'The Fever Syndrome' review — an overwritten yet vivid family drama

The Fever Syndrome is at the Hampstead Theatre to 30 April.

Matt Wolf
Matt Wolf

Overwritten — at first enjoyably so and toward the end to diminishing returns – The Fever Syndrome takes its title from an auto-inflammatory affliction besetting 12-year-old Lily Cooper (Nancy Allsop) who at one point is seen writhing prostrate on the floor in agony as her anxious parents look on. But it doesn’t take much to extrapolate from Lily’s mysterious condition to a more generalised plague that has descended upon the Manhattan household seen to populate the multi-storied brownstone on full view in Lizzie Clachan’s impressive set.

From a raspy, outspoken paterfamilias riddled with Parkinson’s (Robert Lindsay, in superb form) on down through the generations, Alexis Zegerman’s play offers an assemblage in feverish thrall to bitterness, frustration, and – in one especially telling case – unreciprocated passion. And if you may feel as if you’ve been here before (the writing specifically invokes Albee and, no modesty here, Shakespeare), the terrain – and, in fact, the set - directly suggest August: Osage County, with that play’s forbidding matriarch here replaced by an equally blunt father.

But whereas Tracy Letts’s far-longer play builds to a cataclysmic catharsis, The Fever Syndrome loses its way after the interval. The ending feels less like a natural conclusion and more like a revved-up motor that has come sputtering to a halt.

That’s a shame given the many balls that Zegerman, an Englishwoman here casting her eye across the Atlantic, keeps tantalisingly in the air and the rich opportunities she has given an excellent cast, even when a few of the American accents start to stray. (This is happening more and more, for some reason.)

Commissioned by the Manhattan Theatre Club stateside but now given its world premiere in London, the play captures a familial fractiousness that transcends nationality, even if no one saw fit to correct the use of “disorientated” – an Anglicism over the ocean, which prefers the less-syllabic “disoriented.”

On the authenticity front, there’s an odd comment, too, about the notional value of the Myers abode, which seems peculiar given that most people would give their eyeteeth, or more, to inhabit an entire house within steps of Central Park, and renovations be damned.

That said, I was entirely absorbed up until the interval by the cross-currents of feeling between Lindsay’s sweary Richard, his woebegone younger (and third) wife Megan (Alexandra Gilbreath, sounding for all the world like Lorraine Bracco from Goodfellas), and Richard’s three children: the married Dot (Lisa Dillon, in expert form) and twins Anthony (Sam Marks) and Thomas (Alex Waldmann).

Anthony, a late arrival, bursts into view with a casual California swagger that Marks makes immediately appealing: Megan is drawn to this ladies’ man, too, as we soon discover. Thomas, in turn, is a highly emotional artist with an ex-marine boyfriend (Jake Fairbrother) who is besieged by father issues of his own and who finds quiet time during the gathering to make a proposal to Thomas that doesn’t land as planned. Tears flow with alacrity from several characters, with only the prospect of ice cream from Sedutto’s down the road – an emporium name-checked not once but twice – to offer culinary succour.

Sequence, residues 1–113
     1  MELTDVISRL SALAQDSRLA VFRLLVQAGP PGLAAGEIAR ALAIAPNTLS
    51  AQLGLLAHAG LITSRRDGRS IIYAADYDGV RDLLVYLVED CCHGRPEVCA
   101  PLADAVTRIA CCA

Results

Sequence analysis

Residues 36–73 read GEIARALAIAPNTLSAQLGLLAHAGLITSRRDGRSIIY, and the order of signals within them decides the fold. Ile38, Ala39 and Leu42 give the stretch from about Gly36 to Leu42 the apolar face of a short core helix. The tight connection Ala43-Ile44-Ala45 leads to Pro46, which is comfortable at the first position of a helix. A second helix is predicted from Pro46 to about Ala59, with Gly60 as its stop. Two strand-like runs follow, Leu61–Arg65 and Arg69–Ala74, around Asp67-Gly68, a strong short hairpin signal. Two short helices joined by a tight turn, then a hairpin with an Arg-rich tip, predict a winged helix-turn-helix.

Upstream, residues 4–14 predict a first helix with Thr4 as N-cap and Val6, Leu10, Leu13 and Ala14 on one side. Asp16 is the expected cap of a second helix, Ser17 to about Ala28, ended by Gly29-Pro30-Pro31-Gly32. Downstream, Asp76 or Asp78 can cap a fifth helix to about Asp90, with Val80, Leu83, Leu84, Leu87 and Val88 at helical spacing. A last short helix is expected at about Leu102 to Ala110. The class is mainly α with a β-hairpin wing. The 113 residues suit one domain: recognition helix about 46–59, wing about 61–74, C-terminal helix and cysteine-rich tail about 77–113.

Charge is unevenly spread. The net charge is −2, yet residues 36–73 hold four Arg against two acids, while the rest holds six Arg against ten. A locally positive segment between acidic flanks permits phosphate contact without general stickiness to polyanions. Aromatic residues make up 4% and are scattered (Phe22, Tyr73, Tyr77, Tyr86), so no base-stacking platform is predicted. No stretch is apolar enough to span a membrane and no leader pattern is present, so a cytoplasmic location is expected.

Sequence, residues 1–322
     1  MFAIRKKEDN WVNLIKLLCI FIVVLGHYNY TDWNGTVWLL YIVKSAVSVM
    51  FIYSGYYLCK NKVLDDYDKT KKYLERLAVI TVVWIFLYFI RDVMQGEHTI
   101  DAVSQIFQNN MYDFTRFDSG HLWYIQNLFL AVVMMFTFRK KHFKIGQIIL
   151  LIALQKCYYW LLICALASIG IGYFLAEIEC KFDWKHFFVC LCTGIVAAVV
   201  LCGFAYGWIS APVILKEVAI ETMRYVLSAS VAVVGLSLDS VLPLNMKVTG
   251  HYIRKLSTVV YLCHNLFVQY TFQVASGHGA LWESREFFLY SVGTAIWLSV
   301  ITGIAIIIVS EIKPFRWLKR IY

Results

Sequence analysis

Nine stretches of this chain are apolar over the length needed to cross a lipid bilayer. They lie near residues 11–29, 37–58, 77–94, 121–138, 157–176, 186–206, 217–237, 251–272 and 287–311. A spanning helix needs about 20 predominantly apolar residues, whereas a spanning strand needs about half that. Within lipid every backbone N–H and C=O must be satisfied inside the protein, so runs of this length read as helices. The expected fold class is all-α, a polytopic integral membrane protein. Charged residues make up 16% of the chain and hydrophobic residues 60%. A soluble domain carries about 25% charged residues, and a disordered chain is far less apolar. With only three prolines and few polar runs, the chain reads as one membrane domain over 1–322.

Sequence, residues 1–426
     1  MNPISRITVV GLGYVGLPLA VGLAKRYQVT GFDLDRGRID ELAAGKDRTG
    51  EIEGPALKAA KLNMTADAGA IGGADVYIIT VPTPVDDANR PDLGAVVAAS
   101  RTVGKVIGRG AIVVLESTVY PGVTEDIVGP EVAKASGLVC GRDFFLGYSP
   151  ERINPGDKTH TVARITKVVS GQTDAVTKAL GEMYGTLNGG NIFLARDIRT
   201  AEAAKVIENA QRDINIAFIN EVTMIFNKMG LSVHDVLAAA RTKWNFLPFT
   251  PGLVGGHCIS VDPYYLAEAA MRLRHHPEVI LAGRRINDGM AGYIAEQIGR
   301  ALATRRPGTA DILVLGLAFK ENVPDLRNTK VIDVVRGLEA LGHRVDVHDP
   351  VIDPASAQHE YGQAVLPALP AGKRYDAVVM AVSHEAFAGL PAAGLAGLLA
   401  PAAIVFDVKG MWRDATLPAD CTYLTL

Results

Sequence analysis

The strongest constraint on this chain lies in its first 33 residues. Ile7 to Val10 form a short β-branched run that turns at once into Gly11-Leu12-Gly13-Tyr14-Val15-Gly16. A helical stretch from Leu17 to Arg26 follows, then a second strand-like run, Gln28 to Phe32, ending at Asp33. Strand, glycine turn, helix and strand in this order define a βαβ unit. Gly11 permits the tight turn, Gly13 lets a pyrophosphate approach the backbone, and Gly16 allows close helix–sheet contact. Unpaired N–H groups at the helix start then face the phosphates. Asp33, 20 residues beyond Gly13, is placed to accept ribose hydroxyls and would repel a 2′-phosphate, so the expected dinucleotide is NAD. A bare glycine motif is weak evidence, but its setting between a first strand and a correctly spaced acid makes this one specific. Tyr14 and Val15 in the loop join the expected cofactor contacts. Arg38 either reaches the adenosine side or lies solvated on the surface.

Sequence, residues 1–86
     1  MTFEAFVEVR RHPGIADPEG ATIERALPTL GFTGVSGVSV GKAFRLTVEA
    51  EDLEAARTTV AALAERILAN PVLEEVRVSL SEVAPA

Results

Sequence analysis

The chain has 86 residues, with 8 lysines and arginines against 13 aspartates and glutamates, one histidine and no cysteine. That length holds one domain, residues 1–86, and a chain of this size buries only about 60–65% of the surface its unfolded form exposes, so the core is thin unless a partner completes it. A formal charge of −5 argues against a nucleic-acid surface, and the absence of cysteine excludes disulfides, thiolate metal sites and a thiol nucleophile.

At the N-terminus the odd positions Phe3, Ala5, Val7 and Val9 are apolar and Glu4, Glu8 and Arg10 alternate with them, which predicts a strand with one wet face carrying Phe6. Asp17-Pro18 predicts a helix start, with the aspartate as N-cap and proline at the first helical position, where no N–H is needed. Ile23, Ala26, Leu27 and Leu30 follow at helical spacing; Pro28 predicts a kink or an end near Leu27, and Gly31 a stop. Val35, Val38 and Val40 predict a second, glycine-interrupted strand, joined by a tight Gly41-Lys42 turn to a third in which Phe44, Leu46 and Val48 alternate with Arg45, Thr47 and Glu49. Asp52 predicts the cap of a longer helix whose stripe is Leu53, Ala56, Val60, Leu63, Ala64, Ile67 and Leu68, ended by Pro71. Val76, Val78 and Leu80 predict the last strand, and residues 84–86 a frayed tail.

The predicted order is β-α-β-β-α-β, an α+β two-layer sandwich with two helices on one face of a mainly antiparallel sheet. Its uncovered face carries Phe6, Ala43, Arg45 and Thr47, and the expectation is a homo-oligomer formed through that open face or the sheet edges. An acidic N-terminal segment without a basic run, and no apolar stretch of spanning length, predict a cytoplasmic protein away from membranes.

The central locale, common to this sort of drama from The Glass Menagerie through to The Humans and well beyond, is a dining table, but Roxana Silbert’s exceedingly shrewd production uses the full height of Clachan’s set: a series of cramped-seeming rooms whose distressed wallpaper provides a visual clue that all is not well.

Richard is being given a major award for his pioneering work in IVF, and so the play is informed throughout by the irony of a man lauded for success in the science of birthing children whose own offspring are all damaged in varying ways. “There’s sickness all over this house,” notes Dot rather redundantly, her sweet-seeming husband Nate (Bo Poraj) a science teacher with a career past as gnarled as the Japanese knotweed that is rather portentously invoked as a symbol from the natural world.

We really don’t need Thomas’s allusion to “Shakespearean levels of power play” to clock the affinities to the Lear that Lindsay, on this evidence, surely must at some point perform. And the inclusion of a younger Dot, who appears to her aggrieved father at moments of mental decline, adds little to a stew that doesn’t require further thickening, especially from stage spectres.

Still, for much of the first two of its nearly three hours, I was absorbed in the cross-currents among a vivid array of people who come to singular life, so much so that I found myself wondering whether Zegerman – herself an actress, and a very good one – might not intend her play as a sort of extended pilot for the Netflix series still to be written that takes everyone’s story on. (Her recent appearance in Tom Stoppard’s Leopoldstadt will have given Zegerman experience of an inter-generational drama from the inside.)

Between this and Anything Goes last summer, Lindsay seems to be reaching a career plateau not seen since those heady days when he stormed Broadway in Me and My Girl, playing to audiences that, with luck, were calmer than the Myers clan on view here.

We get snatches of Chopin and a quote from Churchill, but it’s hard to imagine these people staying quiet long enough to sit amongst an audience given that The Fever Syndrome is about their individual fight to be heard. Listen lively and with a willingness to do some mental pruning of your own, and for its first two-thirds you’ll have a rattlingly good time.

The Fever Syndrome is at the Hampstead Theatre to 30 April. Book The Fever Syndrome tickets on London Theatre.

*Photo credit: The cast of The Fever Syndrome (Photo by Ellie Kurttz)

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